Hypermobility Spectrum Disorders

Hypermobility Spectrum Disorders (HSD) are a group of conditions related to Joint Hypermobility (JH). When joints move beyond the normal limits this is considered joint hypermobility. While joint hypermobility is a feature seen in Ehlers-Danlos Syndromes not all types of JD are caused by EDS. HSD is usually diagnosed after other EDS types have been excluded. HSD is not a lesser diagnosis and can be quite severe and requires similar management and care as Hypermobile EDS.


Joint hypermobility can occur in isolation or as part of other conditions (Liked EDS). The joints that are affected can be from a few (fewer than five) localised joints (localised joint hypermobility). Those with five or more joints affected have what is called generalised joint hypermobility (GJH). Both types can either be inherited or acquired issues, with GJH the more likely to be inherited. Joint hypermobility can be acquired through training such as gymnastics, injury, joint disease and/or hormonal disorders.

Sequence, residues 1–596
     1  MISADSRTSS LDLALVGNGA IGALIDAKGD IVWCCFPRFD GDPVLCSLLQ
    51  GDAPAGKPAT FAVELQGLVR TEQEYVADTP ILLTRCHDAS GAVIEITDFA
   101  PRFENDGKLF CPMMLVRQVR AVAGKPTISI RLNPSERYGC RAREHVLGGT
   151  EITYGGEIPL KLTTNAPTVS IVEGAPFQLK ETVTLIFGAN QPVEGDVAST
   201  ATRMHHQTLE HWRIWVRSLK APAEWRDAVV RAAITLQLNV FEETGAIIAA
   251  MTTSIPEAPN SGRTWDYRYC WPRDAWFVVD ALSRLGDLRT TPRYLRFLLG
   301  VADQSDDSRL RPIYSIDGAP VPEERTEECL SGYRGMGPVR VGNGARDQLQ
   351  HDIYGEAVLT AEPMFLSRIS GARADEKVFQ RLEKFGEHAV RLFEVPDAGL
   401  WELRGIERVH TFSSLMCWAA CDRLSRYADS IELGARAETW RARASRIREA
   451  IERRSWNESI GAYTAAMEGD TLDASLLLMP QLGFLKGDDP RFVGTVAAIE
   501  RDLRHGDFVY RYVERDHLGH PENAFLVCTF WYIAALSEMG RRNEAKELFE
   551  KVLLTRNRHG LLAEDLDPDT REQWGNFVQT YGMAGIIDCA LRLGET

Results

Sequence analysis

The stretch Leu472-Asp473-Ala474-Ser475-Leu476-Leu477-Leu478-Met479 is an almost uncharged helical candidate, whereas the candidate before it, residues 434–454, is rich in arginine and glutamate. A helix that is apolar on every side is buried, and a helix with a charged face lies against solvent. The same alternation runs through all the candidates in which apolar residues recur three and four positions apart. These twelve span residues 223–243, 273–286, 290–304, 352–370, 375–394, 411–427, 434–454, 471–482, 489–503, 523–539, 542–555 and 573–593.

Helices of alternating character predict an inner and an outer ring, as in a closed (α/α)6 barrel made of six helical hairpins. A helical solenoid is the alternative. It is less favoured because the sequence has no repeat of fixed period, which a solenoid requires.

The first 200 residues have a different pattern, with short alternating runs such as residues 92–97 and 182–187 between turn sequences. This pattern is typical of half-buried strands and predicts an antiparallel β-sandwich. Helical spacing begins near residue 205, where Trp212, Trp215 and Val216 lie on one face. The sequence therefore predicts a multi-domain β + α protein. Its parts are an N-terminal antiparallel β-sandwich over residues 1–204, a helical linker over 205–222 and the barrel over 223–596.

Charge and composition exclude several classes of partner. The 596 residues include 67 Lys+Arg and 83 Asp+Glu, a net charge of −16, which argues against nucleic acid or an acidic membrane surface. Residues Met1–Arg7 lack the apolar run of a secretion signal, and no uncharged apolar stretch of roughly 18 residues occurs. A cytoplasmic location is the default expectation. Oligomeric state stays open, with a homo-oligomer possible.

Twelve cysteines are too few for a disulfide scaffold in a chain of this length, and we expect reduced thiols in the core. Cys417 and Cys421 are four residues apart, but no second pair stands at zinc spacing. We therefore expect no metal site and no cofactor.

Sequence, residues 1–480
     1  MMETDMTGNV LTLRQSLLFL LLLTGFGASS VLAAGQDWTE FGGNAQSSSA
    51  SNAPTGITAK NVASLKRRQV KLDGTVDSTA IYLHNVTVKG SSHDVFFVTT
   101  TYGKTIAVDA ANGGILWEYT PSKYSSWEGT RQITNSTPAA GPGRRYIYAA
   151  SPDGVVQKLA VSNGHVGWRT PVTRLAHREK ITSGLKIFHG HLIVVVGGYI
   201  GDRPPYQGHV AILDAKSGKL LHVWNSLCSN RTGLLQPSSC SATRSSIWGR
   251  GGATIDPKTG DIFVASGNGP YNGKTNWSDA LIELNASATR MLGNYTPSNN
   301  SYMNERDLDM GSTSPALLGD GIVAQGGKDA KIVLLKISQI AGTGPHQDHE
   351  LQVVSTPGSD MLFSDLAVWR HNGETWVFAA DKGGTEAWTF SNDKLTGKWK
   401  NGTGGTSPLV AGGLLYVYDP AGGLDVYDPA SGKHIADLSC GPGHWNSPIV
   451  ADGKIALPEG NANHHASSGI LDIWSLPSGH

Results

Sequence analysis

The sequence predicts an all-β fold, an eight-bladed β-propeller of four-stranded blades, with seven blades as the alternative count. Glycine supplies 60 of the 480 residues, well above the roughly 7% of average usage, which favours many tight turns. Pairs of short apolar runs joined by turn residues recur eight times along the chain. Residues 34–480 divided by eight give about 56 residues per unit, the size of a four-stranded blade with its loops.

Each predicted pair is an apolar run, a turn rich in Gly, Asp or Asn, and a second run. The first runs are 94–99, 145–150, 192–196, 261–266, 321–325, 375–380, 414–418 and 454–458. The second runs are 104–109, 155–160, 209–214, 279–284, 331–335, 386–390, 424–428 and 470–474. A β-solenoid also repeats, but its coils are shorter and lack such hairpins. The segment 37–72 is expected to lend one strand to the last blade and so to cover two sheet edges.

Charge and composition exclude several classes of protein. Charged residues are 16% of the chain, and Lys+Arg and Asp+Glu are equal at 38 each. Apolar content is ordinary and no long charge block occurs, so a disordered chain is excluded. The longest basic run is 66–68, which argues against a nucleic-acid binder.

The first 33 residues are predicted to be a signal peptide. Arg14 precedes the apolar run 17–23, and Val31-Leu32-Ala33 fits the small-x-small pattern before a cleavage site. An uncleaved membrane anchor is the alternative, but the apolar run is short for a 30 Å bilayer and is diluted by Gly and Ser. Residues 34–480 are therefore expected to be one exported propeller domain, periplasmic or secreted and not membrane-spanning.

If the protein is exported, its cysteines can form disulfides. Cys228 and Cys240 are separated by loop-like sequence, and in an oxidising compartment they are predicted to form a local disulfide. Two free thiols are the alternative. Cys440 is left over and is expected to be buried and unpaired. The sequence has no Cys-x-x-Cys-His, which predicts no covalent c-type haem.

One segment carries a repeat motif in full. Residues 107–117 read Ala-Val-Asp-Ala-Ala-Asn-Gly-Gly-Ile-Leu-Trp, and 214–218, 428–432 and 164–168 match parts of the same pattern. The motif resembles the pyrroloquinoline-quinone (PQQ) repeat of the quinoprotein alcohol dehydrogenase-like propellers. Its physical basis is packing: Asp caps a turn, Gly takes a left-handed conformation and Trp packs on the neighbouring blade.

There are subtypes of JH depending on where the hypermobility occurs. The severity and level of symptoms can range in among the hypermobility spectrum.

  • Generalised HSD - Can be assessed by the Beighton score and other measures in conjunction with one or more secondary musculoskeletal issues.

  • Peripheral HSD - Is limited to hands and feet plus and additional musculoskeletal issue. 

  • Localized HSD - Is where JH occurs in one or a group of joints with secondary musculoskeletal issues related to hypermobile joints 

  • Historical HSD - As we age joint hypermobility can decrease. H-HSD has reported the previous GJH with a negative Beighton score plus musculoskeletal issues. 

Musculoskeletal Issues Secondary to JH

As mentioned the types of HSD can require additional musculoskeletal issues to be present for diagnosis. These can include, but are not limited to:

  • Trauma - These can include dislocations, subluxations, and soft tissue damage. These can cause damage or functional issues in the joint.  

  • Chronic Pain - For pain to be considered chronic it needs to last at least 6 months.

  • Disturbed Proprioception - Our sense of our bodies relative position and movement in space. 

For more information on HSD please go to The Ehlers-Danlos Society